Course Preview: U.S. Cyclocross National Championships

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With just 10 days until America’s top pro cyclocross racers descend on Boulder, Colorado, to decide who will carry the mantle of U.S. elite national champion in 2014, the course at Valmont Bike Park has taken shape.

Course designer and local ’cross honch Pete Webber calls it a true all-around test that includes everything from steep climbing, to tricky descending, to sand, stairs and a nasty little gully. All told, Webber says his team will use upwards of 2,500 plastic and wooden stakes to mark off the course.

Check out this video that includes some great footage of the track, plus more insight from Webber, who will be a contender for the master’s national title in the 40-44 race on Saturday. (Yours truly will be doing his best not to get lapped by Webber.)

I spun over to Valmont yesterday to get a first hand look at the nationals track. While much of it was roped off, it wasn’t hard to get a sense of where the key sections will be.

No. 1 on that list will be Pete’s Plunge, a nasty downhill, off-camber right-hand turn that comes immediately after the climb of the grueling 5280 Run Up stairs, which for sponsorship reasons is labeled the “Bonk Breaker Heart Breaker” on the map below.

Success here will require racers to delicately navigate this sweeping off-camber turn and keep speed in check so you don’t blow the exit, which is another right hander. In dry conditions, it will be tricky. If Ma Nature bestows us with a little moisture, cue up the Benny Hill Show theme song. It’ll be slip-and-slide chaos.

Here’s a look back up at Pete’s Plunge, a steep off-camber right turn that follows a long stair section.

Expect a few changes before race day, but this is generally what things will look like next week.

The north side of the course is also where all the climbing is. There’s a long steady grade coming out of the start/finish area, and then an ugly straight-up-the-fall-line section that leads straight into a small sandpit. My guess is many of the amateurs will have to run this section, especially in the early laps when giant fields are all still packed together.

On the opposite side of the course it’s all about power. There’s lots of time on flat, bumpy grass, plus a smaller set of stairs (labeled the Volkswagen Steps on the map). Keys here will be the large sand pit with a giant camel-hump in the middle. On the map the entry looks straight on, making it easy to hit it with speed. But during my ride-around yesterday, it appeared that the entrance will be preceded by a tight turn, which would slow things down considerably. The sand itself isn’t super fine, so it’s easier to maintain traction without bogging down.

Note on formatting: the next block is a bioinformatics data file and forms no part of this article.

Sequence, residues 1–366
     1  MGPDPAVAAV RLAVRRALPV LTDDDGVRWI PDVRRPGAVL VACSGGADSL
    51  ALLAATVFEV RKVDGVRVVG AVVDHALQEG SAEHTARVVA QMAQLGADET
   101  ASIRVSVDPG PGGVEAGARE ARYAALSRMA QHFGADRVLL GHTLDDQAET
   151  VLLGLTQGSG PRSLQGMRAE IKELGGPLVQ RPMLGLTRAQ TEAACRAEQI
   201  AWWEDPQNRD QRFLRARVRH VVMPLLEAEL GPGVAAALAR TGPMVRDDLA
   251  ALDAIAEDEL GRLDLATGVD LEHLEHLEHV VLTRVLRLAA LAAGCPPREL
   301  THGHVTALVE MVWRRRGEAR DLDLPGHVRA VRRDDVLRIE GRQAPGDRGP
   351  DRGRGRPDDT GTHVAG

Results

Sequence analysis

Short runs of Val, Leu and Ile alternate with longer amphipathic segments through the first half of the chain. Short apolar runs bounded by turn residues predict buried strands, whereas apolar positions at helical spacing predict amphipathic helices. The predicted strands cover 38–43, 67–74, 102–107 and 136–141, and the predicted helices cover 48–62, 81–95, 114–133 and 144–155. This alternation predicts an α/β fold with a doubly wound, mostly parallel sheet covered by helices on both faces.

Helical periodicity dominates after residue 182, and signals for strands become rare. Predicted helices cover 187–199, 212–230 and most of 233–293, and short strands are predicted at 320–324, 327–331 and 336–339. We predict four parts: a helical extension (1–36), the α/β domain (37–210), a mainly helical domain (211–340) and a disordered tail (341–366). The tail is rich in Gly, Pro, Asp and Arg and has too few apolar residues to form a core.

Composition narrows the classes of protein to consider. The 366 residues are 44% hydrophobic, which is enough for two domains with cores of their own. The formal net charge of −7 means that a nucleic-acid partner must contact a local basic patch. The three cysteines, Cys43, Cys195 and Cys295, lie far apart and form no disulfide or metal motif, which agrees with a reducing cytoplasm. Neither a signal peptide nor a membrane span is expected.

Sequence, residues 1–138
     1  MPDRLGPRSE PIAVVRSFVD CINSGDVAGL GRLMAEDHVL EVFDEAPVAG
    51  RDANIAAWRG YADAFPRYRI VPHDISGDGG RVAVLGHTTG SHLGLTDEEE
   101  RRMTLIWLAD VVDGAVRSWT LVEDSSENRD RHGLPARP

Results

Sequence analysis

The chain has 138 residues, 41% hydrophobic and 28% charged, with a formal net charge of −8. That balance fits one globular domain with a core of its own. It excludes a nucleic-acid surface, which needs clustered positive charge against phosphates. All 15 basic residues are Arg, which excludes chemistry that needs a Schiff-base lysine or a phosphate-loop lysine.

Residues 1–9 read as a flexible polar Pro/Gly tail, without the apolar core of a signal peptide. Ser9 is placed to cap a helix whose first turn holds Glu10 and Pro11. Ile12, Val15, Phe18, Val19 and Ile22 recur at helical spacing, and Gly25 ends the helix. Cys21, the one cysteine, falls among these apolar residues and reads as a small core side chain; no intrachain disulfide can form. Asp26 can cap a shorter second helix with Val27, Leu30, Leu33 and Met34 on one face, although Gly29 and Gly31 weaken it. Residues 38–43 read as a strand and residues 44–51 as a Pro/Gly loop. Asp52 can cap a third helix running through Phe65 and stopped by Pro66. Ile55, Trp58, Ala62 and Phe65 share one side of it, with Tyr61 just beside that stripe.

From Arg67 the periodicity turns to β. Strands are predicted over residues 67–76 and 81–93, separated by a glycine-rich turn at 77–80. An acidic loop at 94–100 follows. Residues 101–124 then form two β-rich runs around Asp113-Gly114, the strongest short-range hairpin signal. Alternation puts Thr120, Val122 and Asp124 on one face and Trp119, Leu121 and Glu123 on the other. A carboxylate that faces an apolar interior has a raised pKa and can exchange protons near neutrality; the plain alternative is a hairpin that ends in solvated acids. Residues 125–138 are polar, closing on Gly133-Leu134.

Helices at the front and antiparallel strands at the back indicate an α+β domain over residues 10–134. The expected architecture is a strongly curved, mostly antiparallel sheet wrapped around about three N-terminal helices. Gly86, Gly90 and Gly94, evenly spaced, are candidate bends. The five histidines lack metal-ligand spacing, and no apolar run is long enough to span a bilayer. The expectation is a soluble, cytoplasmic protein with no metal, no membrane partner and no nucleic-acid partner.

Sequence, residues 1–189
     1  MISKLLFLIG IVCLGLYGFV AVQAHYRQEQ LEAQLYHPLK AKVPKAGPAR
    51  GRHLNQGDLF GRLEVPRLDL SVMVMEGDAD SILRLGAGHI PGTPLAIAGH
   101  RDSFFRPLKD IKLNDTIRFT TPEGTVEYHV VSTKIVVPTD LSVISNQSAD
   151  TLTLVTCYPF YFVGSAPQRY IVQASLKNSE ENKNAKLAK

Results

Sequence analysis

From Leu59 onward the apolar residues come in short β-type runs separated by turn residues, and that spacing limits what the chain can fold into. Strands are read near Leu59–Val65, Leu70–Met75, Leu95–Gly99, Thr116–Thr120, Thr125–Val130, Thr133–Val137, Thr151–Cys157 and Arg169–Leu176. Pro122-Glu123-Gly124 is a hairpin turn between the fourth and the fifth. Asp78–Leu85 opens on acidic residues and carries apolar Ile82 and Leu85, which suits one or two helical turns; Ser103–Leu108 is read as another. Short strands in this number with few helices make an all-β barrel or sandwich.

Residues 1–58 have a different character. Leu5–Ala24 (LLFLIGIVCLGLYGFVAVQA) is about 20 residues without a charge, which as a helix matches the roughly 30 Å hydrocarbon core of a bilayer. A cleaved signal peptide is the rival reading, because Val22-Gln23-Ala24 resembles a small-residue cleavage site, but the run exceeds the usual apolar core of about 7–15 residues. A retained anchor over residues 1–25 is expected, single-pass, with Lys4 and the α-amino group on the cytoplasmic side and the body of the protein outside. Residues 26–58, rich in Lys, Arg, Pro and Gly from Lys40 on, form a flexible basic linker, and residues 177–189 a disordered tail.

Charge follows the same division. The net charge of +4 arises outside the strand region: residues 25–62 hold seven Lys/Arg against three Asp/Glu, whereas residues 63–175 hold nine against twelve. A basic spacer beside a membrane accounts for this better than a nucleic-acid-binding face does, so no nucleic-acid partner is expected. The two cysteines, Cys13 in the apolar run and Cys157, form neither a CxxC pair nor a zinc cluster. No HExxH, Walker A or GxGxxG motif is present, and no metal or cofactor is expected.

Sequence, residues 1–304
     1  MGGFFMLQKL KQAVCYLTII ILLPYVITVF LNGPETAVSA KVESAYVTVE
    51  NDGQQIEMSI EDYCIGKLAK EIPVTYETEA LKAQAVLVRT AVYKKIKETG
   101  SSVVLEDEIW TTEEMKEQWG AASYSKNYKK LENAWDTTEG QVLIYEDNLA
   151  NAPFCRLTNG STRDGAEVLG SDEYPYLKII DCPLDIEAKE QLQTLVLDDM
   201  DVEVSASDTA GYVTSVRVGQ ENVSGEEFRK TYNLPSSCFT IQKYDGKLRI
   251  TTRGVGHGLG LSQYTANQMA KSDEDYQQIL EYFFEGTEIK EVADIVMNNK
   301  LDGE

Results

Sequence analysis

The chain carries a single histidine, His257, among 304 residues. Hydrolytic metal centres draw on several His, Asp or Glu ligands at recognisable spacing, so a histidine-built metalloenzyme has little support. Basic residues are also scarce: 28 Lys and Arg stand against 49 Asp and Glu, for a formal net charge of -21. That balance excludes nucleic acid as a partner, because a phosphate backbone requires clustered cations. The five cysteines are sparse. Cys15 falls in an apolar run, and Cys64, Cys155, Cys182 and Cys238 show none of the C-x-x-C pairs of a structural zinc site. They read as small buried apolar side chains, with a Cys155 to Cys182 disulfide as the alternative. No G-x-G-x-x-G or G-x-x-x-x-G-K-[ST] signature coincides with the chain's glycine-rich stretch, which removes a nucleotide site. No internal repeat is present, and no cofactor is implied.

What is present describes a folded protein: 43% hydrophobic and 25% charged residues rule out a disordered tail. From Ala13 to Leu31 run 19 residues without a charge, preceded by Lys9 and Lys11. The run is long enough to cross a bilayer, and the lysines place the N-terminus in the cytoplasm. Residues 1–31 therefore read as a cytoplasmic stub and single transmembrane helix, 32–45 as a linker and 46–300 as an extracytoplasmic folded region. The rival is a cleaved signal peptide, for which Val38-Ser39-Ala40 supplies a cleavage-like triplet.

There’s also a tricky down-up through a gully (you can see it near the end of the video). According to the course map, only the elites will have to deal with this, which is probably just as well.

Right now Boulder’s 10-day weather forecast is calling for a sunny and dry day with a high of 46. But as anyone who lives in Colorado knows, things could change between then and now.

If you can make it to Boulder, this is a not-to-be-missed event. Racing kicks off next Wednesday with a slate of non-championship tune-up races, plus a cycling industry showdown. Master’s national championship races get rolling Thursday, and continue through Saturday. Sunday brings a pair of men’s collegiate races, the junior men’s 17-18 race, and finally the big show, the women’s and men’s elites. You can find the full schedule at

If you can’t make it to Boulder, USA Cycling will be live streaming all the action on Sunday. Learn more at And keep your eyes on all week for gear reports, racer interviews, photo galleries and more.

Finally, here’s a little more cyclocross stoke from the Valmont Bike Park. Most of this video was shot at last October’s UCI-rated Boulder Cup race, which served as a test event for the upcoming festivities. Hup, hup!

About the author: Jason Sumner

An avid cyclist, Jason Sumner has been writing about two-wheeled pursuits of all kinds since 1999. He’s covered the Tour de France, the Olympic Games, and dozens of other international cycling events. He also likes to throw himself into the fray, penning first-person accounts of cycling adventures all over the globe. Sumner, who joined the / staff in 2013, has also done extensive gear testing and is the author of the cycling guide book "75 Classic Rides: Colorado." When not writing or riding, the native Coloradoan can be found enjoying time with his wife Lisa and daughter Cora.

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